The news that the government has forced the hand of the UK’s four main mobile networks into investing £5 billion on improving rural coverage is a welcome boost for users.
For months it seemed that the Culture Secretary Sajid Javid, was going to push networks into so–called national roaming in a bid to bring an end to ‘partial not spots’, areas where one network worked but another didn’t.
That would have forced networks to share masts, something they were virulently opposed to.
Those who had invested more than their rivals said it was not fair that the competition could take advantage of their infrastructure without having spent themselves.
Vodafone especially has invested millions.
This latest move appears to be a fair compromise.
£5 billion from Vodafone, O2, EE and Three will go towards offering 90% voice and text coverage from each network by 2017.
Complete coverage, including data, will need to rise by 69% to 85% by the same year.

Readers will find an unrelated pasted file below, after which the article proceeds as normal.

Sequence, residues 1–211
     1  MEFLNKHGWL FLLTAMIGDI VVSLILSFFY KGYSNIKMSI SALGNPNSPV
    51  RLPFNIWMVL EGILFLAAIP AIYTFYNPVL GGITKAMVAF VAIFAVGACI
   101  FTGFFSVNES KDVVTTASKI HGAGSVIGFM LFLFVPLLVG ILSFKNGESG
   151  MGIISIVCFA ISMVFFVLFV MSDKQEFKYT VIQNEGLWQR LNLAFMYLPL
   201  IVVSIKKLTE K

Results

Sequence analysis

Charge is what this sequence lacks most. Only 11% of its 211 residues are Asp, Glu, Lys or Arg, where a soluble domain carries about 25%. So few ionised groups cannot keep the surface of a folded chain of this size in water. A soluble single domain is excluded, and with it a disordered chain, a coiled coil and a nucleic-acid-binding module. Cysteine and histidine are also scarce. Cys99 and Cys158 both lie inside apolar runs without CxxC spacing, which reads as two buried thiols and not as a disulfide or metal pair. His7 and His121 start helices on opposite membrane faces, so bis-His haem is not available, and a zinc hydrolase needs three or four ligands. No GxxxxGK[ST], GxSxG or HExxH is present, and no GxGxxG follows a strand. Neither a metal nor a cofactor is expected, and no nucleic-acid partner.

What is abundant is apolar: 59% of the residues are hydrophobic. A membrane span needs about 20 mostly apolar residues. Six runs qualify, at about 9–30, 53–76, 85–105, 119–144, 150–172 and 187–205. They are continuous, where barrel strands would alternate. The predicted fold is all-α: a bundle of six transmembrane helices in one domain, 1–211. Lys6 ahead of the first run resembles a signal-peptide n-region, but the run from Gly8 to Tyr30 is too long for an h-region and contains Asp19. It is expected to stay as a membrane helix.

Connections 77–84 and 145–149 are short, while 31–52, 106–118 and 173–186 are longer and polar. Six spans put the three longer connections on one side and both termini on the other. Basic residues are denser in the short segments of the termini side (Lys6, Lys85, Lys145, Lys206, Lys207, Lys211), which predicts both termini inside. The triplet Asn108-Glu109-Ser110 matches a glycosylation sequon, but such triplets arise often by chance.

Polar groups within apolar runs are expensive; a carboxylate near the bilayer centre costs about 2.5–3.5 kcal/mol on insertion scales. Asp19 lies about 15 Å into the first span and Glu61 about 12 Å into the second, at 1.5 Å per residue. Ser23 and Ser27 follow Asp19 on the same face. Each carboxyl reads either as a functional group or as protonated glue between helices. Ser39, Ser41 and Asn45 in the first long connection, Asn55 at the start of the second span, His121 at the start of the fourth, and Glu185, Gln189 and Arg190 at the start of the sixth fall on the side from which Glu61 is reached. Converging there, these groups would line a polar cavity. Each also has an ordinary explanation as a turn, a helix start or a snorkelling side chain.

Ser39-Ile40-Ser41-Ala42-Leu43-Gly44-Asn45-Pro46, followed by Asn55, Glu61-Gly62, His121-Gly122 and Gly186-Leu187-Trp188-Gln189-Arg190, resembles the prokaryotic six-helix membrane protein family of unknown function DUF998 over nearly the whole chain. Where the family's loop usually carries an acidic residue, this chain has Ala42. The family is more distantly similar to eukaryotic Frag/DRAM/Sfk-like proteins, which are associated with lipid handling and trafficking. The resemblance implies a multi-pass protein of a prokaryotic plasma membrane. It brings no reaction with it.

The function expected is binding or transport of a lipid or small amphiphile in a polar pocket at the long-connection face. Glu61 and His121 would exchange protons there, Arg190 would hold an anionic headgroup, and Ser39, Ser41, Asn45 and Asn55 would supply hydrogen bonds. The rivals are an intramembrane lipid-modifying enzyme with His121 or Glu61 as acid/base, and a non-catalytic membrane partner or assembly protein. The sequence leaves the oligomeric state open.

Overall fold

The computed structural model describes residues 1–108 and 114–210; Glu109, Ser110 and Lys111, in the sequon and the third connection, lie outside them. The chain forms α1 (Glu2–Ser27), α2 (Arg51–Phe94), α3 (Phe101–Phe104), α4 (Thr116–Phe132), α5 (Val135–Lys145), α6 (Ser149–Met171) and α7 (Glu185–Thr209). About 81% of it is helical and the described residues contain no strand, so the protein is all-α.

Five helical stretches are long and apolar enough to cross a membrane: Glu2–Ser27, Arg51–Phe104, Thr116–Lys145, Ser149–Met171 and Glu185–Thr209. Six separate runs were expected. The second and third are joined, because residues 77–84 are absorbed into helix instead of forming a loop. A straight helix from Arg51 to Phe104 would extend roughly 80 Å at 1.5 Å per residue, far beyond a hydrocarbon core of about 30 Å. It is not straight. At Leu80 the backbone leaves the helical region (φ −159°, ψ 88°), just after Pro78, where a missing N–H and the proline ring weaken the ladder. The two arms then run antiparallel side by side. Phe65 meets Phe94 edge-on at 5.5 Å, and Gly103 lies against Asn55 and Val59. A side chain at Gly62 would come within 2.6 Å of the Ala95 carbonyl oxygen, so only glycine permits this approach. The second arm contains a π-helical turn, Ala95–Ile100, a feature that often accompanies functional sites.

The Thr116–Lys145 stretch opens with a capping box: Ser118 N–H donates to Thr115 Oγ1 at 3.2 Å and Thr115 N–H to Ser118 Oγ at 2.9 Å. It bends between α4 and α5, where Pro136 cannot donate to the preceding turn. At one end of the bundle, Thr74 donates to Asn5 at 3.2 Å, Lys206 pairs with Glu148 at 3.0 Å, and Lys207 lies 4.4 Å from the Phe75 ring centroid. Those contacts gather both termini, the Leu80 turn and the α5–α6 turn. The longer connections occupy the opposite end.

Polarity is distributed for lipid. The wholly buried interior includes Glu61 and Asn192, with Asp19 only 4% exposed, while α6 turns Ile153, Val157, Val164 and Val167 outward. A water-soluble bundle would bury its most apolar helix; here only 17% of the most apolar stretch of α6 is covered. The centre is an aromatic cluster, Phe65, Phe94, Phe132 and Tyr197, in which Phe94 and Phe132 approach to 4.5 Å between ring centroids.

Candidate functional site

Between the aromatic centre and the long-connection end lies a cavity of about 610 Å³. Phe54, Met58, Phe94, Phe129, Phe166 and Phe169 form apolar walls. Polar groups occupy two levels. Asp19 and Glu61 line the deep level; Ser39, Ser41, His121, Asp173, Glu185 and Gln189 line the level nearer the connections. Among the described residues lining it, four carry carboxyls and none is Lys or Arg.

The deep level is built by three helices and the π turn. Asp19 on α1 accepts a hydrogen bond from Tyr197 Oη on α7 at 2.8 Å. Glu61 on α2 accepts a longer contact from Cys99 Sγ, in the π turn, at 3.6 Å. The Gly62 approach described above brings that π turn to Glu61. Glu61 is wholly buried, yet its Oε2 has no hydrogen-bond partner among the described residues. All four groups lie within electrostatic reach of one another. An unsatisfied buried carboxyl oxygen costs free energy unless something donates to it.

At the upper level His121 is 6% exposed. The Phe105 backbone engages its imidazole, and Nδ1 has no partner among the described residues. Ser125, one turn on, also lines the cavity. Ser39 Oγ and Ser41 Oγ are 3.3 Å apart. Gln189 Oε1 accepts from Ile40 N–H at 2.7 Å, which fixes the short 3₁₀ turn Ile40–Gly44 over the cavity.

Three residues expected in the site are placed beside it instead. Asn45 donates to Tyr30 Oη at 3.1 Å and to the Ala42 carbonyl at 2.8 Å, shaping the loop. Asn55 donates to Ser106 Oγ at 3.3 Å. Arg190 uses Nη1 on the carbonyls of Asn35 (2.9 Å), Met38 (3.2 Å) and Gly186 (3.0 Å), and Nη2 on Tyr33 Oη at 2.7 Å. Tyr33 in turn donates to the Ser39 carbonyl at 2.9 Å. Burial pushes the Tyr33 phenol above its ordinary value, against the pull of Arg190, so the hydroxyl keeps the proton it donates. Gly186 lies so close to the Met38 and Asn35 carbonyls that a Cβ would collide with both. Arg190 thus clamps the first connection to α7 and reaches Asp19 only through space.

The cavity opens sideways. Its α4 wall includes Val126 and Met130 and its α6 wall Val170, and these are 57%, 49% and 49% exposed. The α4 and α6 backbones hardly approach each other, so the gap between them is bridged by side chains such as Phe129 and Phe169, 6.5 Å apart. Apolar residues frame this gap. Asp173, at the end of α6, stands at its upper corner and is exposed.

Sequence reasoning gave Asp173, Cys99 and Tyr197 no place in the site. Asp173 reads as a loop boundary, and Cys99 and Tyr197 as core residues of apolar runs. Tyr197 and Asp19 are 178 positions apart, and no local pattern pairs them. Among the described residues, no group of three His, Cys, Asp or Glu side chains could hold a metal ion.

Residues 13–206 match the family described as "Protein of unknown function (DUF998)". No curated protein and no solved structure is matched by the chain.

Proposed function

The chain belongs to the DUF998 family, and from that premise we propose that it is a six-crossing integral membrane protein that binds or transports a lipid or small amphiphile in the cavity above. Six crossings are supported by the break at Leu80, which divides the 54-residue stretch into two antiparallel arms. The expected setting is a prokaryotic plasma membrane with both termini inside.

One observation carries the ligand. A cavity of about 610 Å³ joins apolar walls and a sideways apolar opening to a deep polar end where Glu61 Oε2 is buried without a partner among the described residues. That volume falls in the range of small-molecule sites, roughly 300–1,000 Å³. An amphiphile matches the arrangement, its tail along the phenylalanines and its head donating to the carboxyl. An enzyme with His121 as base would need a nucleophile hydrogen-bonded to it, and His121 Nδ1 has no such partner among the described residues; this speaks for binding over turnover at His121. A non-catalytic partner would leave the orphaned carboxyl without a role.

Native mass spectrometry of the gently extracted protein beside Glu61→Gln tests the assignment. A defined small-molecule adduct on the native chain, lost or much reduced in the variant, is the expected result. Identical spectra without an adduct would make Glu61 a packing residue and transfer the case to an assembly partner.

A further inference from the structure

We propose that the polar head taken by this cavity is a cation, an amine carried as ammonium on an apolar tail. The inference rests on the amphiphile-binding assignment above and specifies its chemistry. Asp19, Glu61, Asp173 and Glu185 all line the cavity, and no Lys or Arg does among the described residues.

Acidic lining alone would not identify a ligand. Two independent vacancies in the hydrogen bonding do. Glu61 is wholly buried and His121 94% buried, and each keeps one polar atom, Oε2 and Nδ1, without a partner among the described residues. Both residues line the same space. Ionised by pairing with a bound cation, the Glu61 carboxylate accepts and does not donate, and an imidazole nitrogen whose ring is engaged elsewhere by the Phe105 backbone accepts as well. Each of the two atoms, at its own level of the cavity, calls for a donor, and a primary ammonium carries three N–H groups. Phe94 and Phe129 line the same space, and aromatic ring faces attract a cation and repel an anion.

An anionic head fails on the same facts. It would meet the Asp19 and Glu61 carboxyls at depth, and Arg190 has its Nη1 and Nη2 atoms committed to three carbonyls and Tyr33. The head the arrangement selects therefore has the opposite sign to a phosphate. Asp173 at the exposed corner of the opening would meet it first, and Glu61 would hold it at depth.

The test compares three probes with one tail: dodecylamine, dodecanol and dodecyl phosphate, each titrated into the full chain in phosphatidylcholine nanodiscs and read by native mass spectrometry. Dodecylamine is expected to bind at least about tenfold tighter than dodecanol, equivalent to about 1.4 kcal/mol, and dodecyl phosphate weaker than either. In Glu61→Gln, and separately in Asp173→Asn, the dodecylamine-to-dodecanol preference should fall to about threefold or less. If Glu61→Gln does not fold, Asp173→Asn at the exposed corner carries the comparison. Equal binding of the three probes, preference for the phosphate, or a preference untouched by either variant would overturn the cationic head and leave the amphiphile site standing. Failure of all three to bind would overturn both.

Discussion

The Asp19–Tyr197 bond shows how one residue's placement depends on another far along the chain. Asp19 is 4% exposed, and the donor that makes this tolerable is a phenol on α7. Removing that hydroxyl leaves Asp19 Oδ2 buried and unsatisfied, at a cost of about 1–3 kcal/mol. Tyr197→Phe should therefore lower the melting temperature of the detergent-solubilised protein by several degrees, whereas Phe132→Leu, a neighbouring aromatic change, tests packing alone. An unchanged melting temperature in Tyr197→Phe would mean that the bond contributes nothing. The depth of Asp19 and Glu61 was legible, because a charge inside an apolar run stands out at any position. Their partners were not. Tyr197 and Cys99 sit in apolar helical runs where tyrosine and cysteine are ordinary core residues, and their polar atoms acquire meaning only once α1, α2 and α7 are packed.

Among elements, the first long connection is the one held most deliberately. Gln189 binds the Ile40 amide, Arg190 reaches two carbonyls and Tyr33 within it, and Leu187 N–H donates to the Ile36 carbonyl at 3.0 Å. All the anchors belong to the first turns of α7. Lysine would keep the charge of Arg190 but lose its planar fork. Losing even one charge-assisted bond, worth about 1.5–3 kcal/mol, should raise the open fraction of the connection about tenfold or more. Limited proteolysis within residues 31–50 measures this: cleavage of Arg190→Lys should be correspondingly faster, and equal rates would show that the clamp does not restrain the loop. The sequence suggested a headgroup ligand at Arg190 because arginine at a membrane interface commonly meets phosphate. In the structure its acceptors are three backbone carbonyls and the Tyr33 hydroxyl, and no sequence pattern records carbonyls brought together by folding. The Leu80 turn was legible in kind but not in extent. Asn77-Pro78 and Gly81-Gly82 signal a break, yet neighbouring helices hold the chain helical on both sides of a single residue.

This is legally enforceable, with Ofcom regulating the deal to ensure that none of the big four renege on their promises.
But it’s hard not to feel that even those planned numbers don’t go far enough.
Complete coverage, in the days of smartphones and constant web access, should be every bit as important as voice and text access, especially for rural businesses.
15% will still miss out, suggesting some places just aren’t worth investing in.
What about the people in those areas, who need access to the mobile web for work or for day–to–day errands?
For all its faults, national roaming has its benefits. End users should not be penalised because of their network’s lack of investment.
It’s absurd that one network can work in one place while another can’t.
That this investment will only see partial not–spots halved and total not–spots cut by two thirds seems pitiful at best.
For that amount of money, they should be dealt with once and for all.
The government should be holding the threat of national roaming over the networks, politics be damned.
If it cared about people in rural areas and the work that they do, then it would surely be keeping that tool in its arsenal in order to keep the networks in check.
After all, they have profit as their prime driving force, not the access their customers rightly expect, no matter the protestations and well–spun statements of their chief executives.
This is a move in the right direction. But surely by 2017, not–spots should be a thing of the past, not something that will need another few years to eradicate completely.